RV Batteries: Your Power "Bank Account"

RV batteries are like a "savings account," for electrical power. With them you can save up the power your solar panels produce, and are critical for wind generator folks who probably produce far more power on a windy day than they can consume. Specially designed "deep cycle" batteries are made for "house" use, that is, they can store and provide power for powering lights, pumps, etc. These batteries customarily produce low amounts of current over a long time. If you're a "motorhomer," you'll also have one or more "starting, lighting, ignition" (SLI) batteries which are designed simply to start up and operate your motorhome engine and associated "running" operations.

When choosing batteries for your RV, never try to make an SLI battery do the job of a house battery--it won't live long enough to tell the tale. Deep cycle batteries for house use are built differently, designed to be deeply discharged and recharged many, many times. SLI batteries produce a lot of current real fast--needed for starting up an engine--and then need to be quickly recharged.

Here's the first place you need to know how much power you actually use. A properly designed electrical system for boondocking has the right amount of battery capacity to provide your electrical needs for at least two days, while only discharging the batteries to half of their capacity. Why so? Well, you may run into a situation where the sun doesn't shine for a day, and you'll need that extra reserve to keep you going. And the other part of the equation? If a house battery is often discharged to less than half its capacity, its longevity will quickly be reduced. Deep cycle batteries can be expensive, so you want to keep them happy and healthy.

So let's take our hypothetical example, where our RVer uses 43 amp-hours of electricity per day. When he "shops" for RV batteries, he'll need to have a battery bank with a minimum capacity of 172 amp hours. How so? Double the use, 43 times 2 equals 86, and then never allow the batteries to be discharged to less than half their capacity, so double that again, 86 times 2 equals 172 amp hours of storage capacity. Since it's a rare day when you'll find a single deep-cycle battery that will have this kind of capacity, you'll need to get more than one battery and wire them properly to get the desired amount of capacity. Let's say our friend finds 12 volt batteries with a capacity of 80 amp-hours. He'd need three of them to meet the needs--and he'd have some extra capacity left over, as his "bank" would provide 240 amp-hours capacity.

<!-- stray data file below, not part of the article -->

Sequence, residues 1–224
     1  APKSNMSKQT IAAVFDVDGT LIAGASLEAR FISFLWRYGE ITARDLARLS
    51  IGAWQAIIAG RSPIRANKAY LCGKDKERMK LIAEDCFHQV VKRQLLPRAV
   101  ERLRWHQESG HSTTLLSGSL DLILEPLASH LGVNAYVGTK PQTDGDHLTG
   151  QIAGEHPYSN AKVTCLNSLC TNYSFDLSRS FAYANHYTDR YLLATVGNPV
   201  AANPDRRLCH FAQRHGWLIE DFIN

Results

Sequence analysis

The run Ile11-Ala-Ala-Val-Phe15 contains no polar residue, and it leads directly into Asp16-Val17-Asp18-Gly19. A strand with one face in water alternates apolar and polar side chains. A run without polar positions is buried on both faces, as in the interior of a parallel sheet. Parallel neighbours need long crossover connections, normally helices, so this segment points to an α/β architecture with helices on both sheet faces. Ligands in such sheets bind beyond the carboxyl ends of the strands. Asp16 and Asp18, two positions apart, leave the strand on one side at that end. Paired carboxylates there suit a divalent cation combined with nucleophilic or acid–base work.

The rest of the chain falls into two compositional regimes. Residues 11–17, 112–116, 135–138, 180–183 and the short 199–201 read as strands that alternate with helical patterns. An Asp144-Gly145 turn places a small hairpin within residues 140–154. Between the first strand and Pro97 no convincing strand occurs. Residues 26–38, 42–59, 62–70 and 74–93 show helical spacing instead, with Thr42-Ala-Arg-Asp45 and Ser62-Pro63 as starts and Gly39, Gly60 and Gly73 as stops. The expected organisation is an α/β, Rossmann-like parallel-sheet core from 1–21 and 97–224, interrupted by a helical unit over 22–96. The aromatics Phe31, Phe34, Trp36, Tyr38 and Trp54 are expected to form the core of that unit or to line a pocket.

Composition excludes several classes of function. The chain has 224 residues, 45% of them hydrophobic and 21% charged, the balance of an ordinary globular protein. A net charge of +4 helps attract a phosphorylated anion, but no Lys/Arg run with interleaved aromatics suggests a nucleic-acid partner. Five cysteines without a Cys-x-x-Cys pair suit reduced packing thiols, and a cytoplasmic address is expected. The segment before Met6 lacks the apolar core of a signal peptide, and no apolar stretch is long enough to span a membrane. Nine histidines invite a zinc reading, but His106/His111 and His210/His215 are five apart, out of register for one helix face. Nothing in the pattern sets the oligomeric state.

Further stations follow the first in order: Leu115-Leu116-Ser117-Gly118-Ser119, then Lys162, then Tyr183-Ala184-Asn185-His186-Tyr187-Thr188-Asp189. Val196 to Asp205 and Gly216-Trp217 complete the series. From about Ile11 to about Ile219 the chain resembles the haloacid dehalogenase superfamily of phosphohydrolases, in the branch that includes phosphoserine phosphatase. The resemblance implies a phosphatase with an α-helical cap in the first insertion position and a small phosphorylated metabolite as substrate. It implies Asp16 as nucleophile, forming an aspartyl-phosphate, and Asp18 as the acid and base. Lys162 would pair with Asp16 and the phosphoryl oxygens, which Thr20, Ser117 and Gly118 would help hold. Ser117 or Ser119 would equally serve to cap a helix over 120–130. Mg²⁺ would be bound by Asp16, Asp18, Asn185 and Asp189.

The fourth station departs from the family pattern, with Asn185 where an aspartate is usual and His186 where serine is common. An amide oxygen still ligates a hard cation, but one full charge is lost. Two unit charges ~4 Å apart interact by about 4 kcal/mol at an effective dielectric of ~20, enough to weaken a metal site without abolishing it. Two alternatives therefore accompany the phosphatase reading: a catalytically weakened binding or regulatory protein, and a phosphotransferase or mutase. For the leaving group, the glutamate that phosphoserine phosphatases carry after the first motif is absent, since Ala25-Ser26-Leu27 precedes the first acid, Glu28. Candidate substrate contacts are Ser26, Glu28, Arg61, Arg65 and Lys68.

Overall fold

Now that we know what our "bank account" looks like in terms of capacity, let's talk about how to put "money in the bank."

Solar: The Primary RV Alternative

Most boondockers start out with solar panels as their primary "alternative energy" source. How much solar power do you need? Figure for every amp-hour of battery capacity, you'll need a ½ a watt of solar panel power. So in our hypothetical example, our RVer could really get away with 120 watts of solar power for his battery bank, provided he boondocks where there's good solar exposure. What is good exposure? Solar panels need to "see" full sun. Add even a bit of a shadow across their surface, or a tiny bit of cloudiness, and energy production drops off significantly. When we consider panel production, we assume six good hours of sunshine a day. If you boondock in cloudy areas, you'll need more solar panel muscle. Figure ¾ of a watt per amp-hour of battery capacity.

Mind you, you'll wind up buying more than just solar panels. Solar panels, left to themselves, can overcharge (read "cook") your batteries. And at night, left to themselves, panels can likewise discharge your batteries. What's needed is a electronic "middle man" who controls the flow of electricity. When the batteries are full, the flow of current is cut off. At night, power is not allowed back up to the panels. That "middle man" is a solar regulator, which acts as a kind of automatic switch.

Where does that leave you in terms of dollars and cents? You can buy all the individual components needed, or some outfits will sell you a complete package. A glance at a popular Internet retailer shows a package, including 200 watts of solar panels, mounting brackets (that allow for easy roof placement of the panel), and a regulator for $324. Add a few bucks for wiring, and you've got your stuff. Of course, if you don't feel comfortable installing a system, you'd have to add installation charges.

But what if your power needs are greater than our hypothetical example? Or what if your needs changed, and you need more power? The beauty of solar power is that it can be expanded with relative ease. Another panel can be mounted on the roof and wired into the existing system without much effort. If our RVer found he needed another 100 watts of power, he could find a suitable panel to add into the system for around $130. Mind you, these are new equipment prices. If you frequent heavily traveled RV hot spots like Quartzsite, Arizona, you'll find solar dealers often have used equipment for less money. Since solar panels don't "wear out," a used panel is not like buying a used car--they're far more dependable.

We hope you've found this information useful. We'll be back with more RV information in our next post. And pardon our housekeeping, we're still adjusting the site -- so that promised "Contact Us" button has eluded us. Meantime, give us a shout at ICanRV at gmail dot com.

photos: R&T De Maris

Updated 7/23/2015 0943 Mountain (AZ) to include new product links.